Kenny Cupers

Professor of Architectural History and Urban Studies / Head of Urban Studies

Publications  (selection)

Projects  (selection)


Kenny Cupers co-founded and leads the Critical Urbanisms program at the University of Basel. He is committed to the development of the urban humanities through collaborative pedagogy and public-facing research at the intersection of architectural history, urban studies, and critical geography. He has published widely on mass housing, architectural modernism, and planning history. Grounded in primary research, his scholarship analyzes spaces and landscapes in order to answer questions about power and historical change.

Cupers is currently working on two book projects. The Earth that Modernism Built is a historical study of German imperialism in southern Africa and central Europe that traces how land and life were turned into objects of design. The second project explores infrastructure as African worldmaking. In this context, Cupers is currently working in Kenya with Kamirithu community actors and Dr. Makau Kitata to build a digital archive of decolonization, and with Save Lamu to address social and environmental justice in Africa’s mega-infrastructure boom.

Cupers is the author of the award-winning The Social Project: Housing Postwar France (2014), translated into French as La banlieue, un projet social: Ambitions d’une politique urbaine, 1945-1975 (2018). The book reveals how France’s unprecedented building boom after WWII turned dwelling into an object of modernization, an everyday site of citizen participation, and a domain of social scientific expertise. His co-edited volume Architecture and Neoliberalism from the 1960s to the Present (with Helena Mattsson & Catharina Gabrielsson, 2019) explores the multivalent role of architecture and urbanism in processes of neoliberal transformation. His edited volume Use Matters: An Alternative History of Architecture (Routledge, 2013) examines how architecture depended on changing definitions of use throughout the twentieth century. Spaces of Uncertainty (2002), co-authored with Markus Miessen, focuses on the importance of leftover spaces for public life in Berlin—a theme he has recently revisited in Spaces of Uncertainty: Berlin Revisited (2018). Most recently, he has co-edited What is Critical Urbanism: Urban Research as Pedagogy (2022), and is currently co-editing (with Ernest Sewordor) a journal issue of on “How Urban Africa Challenges the Coloniality of Infrastructure.”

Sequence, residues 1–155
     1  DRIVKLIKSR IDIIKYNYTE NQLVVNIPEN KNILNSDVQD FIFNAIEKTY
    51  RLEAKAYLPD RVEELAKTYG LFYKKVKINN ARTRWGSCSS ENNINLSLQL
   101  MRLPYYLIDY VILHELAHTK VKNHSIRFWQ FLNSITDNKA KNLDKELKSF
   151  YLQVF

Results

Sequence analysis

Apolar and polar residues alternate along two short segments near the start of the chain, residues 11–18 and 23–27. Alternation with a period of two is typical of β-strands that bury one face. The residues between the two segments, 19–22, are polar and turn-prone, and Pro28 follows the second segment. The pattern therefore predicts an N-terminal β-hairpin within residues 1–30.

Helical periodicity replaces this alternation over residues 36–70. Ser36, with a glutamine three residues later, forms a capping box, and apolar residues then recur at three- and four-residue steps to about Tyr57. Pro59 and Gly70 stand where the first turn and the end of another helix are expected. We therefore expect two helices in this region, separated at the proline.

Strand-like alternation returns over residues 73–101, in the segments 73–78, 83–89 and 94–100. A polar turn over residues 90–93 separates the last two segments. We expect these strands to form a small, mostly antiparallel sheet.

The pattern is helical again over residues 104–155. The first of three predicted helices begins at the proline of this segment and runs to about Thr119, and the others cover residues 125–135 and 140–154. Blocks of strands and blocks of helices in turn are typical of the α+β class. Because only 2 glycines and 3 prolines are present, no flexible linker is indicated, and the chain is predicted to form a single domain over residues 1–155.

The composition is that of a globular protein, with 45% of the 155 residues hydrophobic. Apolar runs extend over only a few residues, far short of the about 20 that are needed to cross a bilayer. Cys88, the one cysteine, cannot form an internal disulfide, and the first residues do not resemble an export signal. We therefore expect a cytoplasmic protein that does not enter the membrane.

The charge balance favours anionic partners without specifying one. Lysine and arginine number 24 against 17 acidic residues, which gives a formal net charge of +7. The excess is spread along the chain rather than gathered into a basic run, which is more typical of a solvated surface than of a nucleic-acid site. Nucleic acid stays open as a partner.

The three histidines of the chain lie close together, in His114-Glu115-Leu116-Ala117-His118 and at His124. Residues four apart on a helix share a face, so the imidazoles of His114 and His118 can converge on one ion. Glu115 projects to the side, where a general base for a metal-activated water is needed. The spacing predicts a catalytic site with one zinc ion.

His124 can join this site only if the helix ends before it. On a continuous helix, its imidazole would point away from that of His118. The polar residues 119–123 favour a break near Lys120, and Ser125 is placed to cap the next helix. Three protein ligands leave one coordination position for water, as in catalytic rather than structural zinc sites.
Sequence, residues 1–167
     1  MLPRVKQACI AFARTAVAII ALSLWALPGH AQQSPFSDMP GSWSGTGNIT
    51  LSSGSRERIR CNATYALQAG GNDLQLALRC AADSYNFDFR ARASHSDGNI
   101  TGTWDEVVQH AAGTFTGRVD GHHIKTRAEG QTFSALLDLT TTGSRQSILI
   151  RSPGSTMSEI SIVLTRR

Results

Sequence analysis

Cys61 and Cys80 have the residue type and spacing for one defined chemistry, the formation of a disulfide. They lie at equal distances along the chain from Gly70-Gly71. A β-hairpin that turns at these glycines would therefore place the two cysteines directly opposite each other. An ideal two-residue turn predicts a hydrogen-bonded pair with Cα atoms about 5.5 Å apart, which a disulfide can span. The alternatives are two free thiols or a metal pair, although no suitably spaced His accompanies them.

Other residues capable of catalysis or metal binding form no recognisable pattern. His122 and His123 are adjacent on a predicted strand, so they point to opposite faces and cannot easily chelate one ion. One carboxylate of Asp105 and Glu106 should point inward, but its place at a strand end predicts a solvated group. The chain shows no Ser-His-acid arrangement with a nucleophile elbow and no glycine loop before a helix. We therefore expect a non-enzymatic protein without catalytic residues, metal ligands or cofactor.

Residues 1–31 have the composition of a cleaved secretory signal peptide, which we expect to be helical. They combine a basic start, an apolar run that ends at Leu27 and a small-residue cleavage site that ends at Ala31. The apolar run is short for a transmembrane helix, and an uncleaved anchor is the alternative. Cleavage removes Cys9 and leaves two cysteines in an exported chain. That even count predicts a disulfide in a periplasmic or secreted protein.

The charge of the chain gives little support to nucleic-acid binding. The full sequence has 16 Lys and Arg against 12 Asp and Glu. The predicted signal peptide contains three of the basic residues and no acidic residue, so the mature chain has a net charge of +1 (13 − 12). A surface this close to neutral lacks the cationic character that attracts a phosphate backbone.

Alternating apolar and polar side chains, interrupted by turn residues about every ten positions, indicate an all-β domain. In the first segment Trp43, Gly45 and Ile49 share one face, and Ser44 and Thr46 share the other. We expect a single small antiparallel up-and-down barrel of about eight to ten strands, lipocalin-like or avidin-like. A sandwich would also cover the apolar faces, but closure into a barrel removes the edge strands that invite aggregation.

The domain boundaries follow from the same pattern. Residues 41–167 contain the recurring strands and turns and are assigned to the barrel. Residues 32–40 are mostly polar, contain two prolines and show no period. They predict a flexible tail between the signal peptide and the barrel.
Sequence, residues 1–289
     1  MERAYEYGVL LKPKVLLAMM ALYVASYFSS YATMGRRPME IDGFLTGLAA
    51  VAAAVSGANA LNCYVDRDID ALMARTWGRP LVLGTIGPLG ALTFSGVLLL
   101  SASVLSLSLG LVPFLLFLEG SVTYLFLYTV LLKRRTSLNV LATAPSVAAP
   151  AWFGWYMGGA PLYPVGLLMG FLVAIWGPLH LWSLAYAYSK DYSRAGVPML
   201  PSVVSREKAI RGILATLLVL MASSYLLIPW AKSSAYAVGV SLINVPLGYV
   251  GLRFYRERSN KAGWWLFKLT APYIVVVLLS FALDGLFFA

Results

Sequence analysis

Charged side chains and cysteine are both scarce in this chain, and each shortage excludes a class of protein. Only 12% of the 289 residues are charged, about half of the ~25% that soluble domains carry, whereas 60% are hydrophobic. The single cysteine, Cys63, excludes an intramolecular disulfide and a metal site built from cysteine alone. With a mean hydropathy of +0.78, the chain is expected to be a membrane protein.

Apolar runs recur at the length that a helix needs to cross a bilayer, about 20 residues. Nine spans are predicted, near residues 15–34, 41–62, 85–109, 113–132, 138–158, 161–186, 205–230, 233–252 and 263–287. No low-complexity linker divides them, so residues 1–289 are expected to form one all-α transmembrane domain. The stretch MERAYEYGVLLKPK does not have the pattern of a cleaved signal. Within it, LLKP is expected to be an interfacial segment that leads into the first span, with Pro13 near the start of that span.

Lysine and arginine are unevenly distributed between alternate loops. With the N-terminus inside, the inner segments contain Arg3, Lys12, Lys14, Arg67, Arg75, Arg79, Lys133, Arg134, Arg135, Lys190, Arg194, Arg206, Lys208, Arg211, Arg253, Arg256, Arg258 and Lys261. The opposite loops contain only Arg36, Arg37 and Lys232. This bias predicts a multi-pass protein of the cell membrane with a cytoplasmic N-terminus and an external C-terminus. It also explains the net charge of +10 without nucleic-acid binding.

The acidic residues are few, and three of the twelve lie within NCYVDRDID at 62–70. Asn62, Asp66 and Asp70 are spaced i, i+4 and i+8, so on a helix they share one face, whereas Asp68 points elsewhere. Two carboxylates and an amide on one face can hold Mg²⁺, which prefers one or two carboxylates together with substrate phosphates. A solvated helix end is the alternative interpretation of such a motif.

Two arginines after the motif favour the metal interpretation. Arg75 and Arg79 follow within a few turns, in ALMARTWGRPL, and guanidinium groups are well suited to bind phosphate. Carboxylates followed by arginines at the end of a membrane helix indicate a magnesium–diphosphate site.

Cupers leads the SNF-funded project, How Infrastructure Shaped Territory in Africa, and co-directs (with Orit Halpern and Claudia Mareis) the Sinergia project Governing through Design: An Interdisciplinary Phenomenon. As part of this project, he co-coordinates (with Laura Nkula-Wenz) South Designs: Planetary Futures. Together with PI Bilgin Ayata, he co-coordinated the SNIS-funded project, Infrastructure Space and the Future of Migration Management (2018-2021).

Cupers received a B.Sc. and M.Sc in Architecture from the Catholic University of Leuven (Belgium), studied photography and cultural theory at Goldsmiths College (London), and received his Ph.D. in architectural and urban history from Harvard University in 2010. He taught in the United States before co-founding the University of Basel’s Urban Studies division in 2015.